I consider, leaning back into the pillows of the couch. "I don't know if she'll buy that," I say, eyes fluttering shut. I want cold water with ice and a slice of lemon. I want to be glamorous like the people on TV with the purple plastic shades and the slender, pale bodies.
"You'd like it here," Dali continues. I hear her press the phone against the material of her shirt and she says something in a firm, business-like voice before her breath returns. "Moscow is a good city. Lots of people to lose yourself in. I like it here. Come visit me."
Part of me wants to argue with her. Our mother is beginning to die off, wither like a flower left unwatered. Everyone agrees she'll be nothing but dust in a few years, even if her body insists upon lingering. To deprive her of another child would be cruel.
Another sigh crinkles in my ear. "She doesn't even really know what's going on half the time anyway." Dali clicks a pen. She's getting irritated with my hesitation. Hesitation makes her infinitely nervous. "Just for a little while, Meda. Not forever. You don't have to decide now. Just think about it for a little while."
A little while. I nod and curl up in the sagging couch. "I'll think about it," I say. In my head, I flip through every failed painting of the desert, stacked up and stuck together, collecting dust in one corner of my room. "And it's not forever. Not permanent."
We fall into the pattern of breathing, of half-formed words jumping to the front of our mouths only to be crushed between our lips.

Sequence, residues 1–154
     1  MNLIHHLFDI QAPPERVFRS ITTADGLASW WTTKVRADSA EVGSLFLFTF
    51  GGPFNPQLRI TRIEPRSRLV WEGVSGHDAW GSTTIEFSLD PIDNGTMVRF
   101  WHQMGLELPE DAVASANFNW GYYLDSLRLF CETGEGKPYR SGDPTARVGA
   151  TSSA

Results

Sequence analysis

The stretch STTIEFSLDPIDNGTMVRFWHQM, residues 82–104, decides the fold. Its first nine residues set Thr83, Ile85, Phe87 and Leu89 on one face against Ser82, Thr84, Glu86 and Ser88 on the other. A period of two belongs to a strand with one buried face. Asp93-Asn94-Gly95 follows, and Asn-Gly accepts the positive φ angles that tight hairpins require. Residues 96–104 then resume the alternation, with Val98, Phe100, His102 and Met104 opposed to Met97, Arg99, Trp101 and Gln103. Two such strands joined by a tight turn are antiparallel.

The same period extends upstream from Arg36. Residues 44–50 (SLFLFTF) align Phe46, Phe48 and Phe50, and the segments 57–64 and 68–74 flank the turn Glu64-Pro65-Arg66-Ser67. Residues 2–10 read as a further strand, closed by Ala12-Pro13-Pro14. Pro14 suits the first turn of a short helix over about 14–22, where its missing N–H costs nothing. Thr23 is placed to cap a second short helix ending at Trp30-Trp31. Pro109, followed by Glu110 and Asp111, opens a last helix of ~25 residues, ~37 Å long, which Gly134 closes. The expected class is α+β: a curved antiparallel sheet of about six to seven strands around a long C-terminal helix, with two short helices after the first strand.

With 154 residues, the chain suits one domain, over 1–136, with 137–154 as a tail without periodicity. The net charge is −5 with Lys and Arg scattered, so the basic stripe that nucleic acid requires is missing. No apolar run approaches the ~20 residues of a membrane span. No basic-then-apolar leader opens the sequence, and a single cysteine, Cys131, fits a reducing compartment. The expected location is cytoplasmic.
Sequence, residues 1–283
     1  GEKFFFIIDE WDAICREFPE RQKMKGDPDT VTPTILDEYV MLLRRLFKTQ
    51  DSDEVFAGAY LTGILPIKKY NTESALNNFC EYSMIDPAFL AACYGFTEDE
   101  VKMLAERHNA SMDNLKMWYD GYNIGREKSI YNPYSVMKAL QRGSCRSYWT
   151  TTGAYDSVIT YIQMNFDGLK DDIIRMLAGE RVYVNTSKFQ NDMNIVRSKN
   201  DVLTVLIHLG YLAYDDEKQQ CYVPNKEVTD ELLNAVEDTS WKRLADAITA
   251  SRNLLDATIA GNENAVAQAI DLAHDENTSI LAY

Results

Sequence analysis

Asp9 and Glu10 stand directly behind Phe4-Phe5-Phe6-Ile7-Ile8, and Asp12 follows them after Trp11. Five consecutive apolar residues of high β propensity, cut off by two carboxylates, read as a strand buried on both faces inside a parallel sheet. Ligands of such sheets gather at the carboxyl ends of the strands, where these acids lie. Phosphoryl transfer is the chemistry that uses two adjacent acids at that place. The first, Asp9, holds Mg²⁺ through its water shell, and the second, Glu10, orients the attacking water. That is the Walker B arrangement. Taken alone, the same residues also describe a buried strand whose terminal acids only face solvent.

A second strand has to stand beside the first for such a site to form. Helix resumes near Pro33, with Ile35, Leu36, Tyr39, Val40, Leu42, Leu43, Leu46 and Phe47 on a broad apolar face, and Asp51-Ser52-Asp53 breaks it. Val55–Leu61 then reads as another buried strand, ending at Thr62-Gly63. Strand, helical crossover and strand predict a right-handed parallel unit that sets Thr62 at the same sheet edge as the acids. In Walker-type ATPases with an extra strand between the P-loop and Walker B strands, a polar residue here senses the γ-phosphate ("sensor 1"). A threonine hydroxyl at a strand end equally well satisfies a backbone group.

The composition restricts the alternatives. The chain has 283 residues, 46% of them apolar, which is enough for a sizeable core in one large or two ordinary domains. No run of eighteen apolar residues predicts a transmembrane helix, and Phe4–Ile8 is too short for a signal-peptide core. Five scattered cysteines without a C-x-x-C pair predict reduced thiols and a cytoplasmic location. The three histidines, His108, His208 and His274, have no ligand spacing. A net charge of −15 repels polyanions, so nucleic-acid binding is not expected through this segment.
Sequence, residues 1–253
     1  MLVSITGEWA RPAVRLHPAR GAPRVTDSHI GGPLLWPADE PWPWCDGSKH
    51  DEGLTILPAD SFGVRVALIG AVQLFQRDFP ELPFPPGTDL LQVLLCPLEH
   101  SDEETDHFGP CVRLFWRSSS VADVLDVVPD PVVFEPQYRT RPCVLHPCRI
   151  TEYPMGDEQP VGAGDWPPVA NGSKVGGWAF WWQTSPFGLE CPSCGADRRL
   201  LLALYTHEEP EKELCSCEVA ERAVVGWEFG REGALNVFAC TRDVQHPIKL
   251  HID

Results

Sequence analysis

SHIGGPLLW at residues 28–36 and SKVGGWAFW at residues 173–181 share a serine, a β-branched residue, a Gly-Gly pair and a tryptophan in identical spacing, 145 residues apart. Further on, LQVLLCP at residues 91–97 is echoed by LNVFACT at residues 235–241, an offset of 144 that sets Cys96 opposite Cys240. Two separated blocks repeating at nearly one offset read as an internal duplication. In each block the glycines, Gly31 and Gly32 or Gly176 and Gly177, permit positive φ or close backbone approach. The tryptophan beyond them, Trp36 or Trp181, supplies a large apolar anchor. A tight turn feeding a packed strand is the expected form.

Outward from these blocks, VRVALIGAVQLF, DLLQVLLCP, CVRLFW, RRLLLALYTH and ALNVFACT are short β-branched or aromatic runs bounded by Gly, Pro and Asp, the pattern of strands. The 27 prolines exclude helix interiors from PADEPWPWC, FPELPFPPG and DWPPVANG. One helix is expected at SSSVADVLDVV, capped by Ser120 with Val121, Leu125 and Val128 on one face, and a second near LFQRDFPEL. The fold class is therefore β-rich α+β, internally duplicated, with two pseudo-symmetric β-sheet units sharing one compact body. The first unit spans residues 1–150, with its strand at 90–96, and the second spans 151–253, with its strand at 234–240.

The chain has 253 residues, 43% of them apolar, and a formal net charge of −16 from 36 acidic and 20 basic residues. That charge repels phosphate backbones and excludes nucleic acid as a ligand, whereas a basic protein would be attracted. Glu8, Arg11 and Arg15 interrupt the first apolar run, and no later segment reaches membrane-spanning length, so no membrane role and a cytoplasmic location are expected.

"Just come visit me," says Dali finally. "Just come. It's not your responsibility to take care of her."
It is, and we know it, but I doubt that this will stop me.
I wonder if I space out all my thoughts, if I could turn them into poetry. Into songs I could sing to someone besides myself. I wonder if they would be beautiful, written like poetry, even the most mundane things.
Looking out the window
On a train into Moscow,
900 kilometers of barren deserts and trees and
The water tastes bad. That would make a bad poem. I don't write that down on the little notepad I clutch in my hands. I bought it at the last stop so I could take notes, so when I compose those stilted letters to my mother, I will know what to say. I've already written five of them, about the train, and I don't think I'll ever send them.
I don't think they're letters to my mother any more.
The woman with one diamond earring
Dangling from an ear like
A sea shell
Hands me a cold glass of water,
Orders me to